US tactics condemned by British officers

""They may well kill the terrorists in the barrage but they will also kill and maim innocent civilians. That has been their response on a number of occasions. It is trite, but American troops do shoot first and ask questions later. They are very concerned about taking casualties and have even trained their guns on British troops, which has led to some confrontations between soldiers."

(from this thread)
posted by specialk420 at 5:16 PM on April 15, 2004


420, nobody said it was particularly pleasant to shoot the bad guys with less than stellar discrimination. Nor did anyone say that an "aggressive approach to force protection" makes friends. It doesn't have to.

The point is, one needs to both propagandize:
"fight us and you will lose. Participate in the constitutional process and you will get a political system you can live with"

and stomp anyone who tries to fight you with such severity that no one could mistake your resolve to win on point 1.

This isn't a permanent situation. It is an effort to buy 12-24 months for the emergence of a democratic, federal, political situation that the vast majority of Iraqis say they want. (And incidentally, is in America's long term interests) Some actors, such as the sunni supremacists in Falluja or the Khomenist Sadrists understand that such a settlement would not be in their interests. So they fight (less so the Sadrists). The rest stand and watch. The trick is to keep the rest on the sidelines long enough for an alternative to emerge. Running away is a guarantee of anarchy.

If you want to be liked, you will have to be patient.
posted by ednopantz at 5:35 PM on April 15, 2004


and stomp anyone who tries to fight you with such severity that no one could mistake your resolve to win on point 1.

way off topic here - but didn't we try that in vietnam?

another post from iraq (this would be third from someone who actually is IN iraq - rather than in comfy aforementioned cubby hole):
"What I'm trying to say is that we don't need news networks to make us angry or frustrated. All you need to do is talk to one of the Falloojeh refugees making their way tentatively into Baghdad; look at the tear-stained faces, the eyes glazed over with something like shock. In our neighborhood alone there are at least 4 families from Falloojeh who have come to stay with family and friends in Baghdad. The stories they tell are terrible and grim and it's hard to believe that they've gone through so much."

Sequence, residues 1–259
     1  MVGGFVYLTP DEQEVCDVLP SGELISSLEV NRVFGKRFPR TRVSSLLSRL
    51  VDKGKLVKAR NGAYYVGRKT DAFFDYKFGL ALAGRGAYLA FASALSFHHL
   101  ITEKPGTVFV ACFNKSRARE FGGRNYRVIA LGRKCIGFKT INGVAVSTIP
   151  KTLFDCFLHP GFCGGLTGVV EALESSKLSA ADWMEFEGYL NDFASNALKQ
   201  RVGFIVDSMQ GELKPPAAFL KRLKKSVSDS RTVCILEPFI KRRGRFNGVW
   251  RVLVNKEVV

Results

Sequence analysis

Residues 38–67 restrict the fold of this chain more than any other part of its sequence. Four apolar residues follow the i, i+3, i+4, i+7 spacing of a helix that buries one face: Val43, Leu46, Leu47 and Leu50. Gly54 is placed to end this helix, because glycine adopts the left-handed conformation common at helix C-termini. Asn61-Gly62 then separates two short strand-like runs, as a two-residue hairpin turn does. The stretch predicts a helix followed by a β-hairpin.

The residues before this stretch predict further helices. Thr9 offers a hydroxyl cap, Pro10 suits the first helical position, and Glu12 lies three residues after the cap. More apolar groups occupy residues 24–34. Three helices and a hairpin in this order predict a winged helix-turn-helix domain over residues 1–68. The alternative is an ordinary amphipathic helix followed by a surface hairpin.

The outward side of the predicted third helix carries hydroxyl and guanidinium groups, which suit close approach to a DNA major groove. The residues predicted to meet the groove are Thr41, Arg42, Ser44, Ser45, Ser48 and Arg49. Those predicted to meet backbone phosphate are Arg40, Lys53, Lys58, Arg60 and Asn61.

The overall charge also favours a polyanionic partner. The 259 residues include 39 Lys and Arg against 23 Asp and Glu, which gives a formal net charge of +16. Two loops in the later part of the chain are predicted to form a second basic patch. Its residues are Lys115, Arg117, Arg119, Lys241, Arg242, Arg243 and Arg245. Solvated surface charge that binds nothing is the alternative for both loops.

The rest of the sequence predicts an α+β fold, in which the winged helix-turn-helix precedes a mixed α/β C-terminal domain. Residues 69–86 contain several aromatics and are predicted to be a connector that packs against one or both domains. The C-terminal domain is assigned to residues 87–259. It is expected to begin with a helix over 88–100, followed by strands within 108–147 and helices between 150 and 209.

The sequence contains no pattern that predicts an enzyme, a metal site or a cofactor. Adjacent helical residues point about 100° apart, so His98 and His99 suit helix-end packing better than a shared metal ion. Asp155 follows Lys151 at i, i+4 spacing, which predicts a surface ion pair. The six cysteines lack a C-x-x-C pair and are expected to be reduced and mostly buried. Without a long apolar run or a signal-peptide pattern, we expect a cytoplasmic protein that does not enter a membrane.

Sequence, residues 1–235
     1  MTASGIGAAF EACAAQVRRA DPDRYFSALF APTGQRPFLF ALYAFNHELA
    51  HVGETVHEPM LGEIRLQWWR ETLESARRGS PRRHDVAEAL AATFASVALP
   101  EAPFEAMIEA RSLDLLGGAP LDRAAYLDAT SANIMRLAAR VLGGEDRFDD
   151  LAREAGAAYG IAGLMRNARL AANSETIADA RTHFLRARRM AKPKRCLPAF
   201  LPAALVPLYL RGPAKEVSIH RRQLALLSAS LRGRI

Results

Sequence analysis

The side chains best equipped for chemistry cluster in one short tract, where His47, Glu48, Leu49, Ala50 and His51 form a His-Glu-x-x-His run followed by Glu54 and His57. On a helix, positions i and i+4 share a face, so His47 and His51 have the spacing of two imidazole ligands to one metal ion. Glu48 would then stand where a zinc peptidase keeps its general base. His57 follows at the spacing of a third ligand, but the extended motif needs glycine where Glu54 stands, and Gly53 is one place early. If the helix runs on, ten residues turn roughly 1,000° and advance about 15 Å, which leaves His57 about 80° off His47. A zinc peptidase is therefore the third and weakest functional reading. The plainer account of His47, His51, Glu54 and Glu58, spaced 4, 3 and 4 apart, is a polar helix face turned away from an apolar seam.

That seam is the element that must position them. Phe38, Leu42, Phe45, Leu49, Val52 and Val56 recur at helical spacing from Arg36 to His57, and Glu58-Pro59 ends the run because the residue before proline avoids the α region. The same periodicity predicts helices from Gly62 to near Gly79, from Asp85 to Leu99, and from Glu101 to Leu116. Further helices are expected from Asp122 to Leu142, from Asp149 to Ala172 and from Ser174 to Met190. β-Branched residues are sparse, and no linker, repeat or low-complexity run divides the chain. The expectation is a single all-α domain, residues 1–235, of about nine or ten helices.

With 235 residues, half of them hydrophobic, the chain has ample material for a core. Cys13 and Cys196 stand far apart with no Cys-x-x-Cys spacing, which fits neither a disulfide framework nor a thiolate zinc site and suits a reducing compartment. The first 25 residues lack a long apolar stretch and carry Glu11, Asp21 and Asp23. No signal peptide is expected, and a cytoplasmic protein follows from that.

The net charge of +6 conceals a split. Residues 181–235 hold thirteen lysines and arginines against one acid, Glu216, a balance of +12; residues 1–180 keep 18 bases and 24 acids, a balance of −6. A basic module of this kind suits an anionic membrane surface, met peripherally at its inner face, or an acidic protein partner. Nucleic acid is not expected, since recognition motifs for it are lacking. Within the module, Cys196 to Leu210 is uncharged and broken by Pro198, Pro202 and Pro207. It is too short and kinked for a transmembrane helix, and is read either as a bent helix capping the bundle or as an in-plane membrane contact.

are these people (the residents of fallujah) "freedom haters"? if they weren't before they probably are now...
posted by specialk420 at 6:01 PM on April 15, 2004


way off topic here - but didn't we try that in vietnam?
No not really, mostly in an attempt to avoid "another Korea." Misguided hindsight struck then too. But taking over for French imperialism and smashing Baathism are really two different projects. In the former, there was an actual competing ideology, local allies were vile, the process took 10,000 days, not 365, etc.

Anyway, you aren't listening, don't want to, and have your mind made up.
posted by ednopantz at 6:12 PM on April 15, 2004


On April 15, at a CSIS policy forum, Senator Joseph Biden (D-Del), ranking member on the Senate Foreign Relations Committee, called on President Bush to provide more engaged leadership on Iraq and advocated greater international military and rebuilding support.
Iraq: Last Chance to Get it Right (PDF)

Anthony Cordesman (r), CSIS Burke Chair in Strategy, Jon Alterman (l), director of the CSIS Middle East Program, and Bathsheba Crocker (center), codirector of the CSIS Post-Conflict Reconstruction Project, assessed the impact of the Iraqi insurgency on U.S. military and rebuilding strategy and Middle East politics at a forum hosted by CSIS on April 14. "Admitting that the situation is uncertain scarcely means that all of the possible problems will take their most serious form, or that this may not be just one more period of crisis in one of the most serious tasks the United States has taken on in its history," Cordesman said. "Much still depends on the skill with which the United States and its allies execute the transfer of sovereignty, the aid program, and the political aspects of military operations over the next days, weeks and months."
Analysts Discuss Iraq Insurgency (PDF)     Audio
posted by y2karl at 6:22 PM on April 15, 2004


let's just say that i have my mind made up that shrub and crew (well perhaps in the story book version of reality bush seems to live in, but certainly not the people who are actually making the decisions in the whitehouse) really are not at all interested in having a truly free - democratic, unified iraq based on one person - one vote anytime in the near or distant future - and then getting our troops out of their country.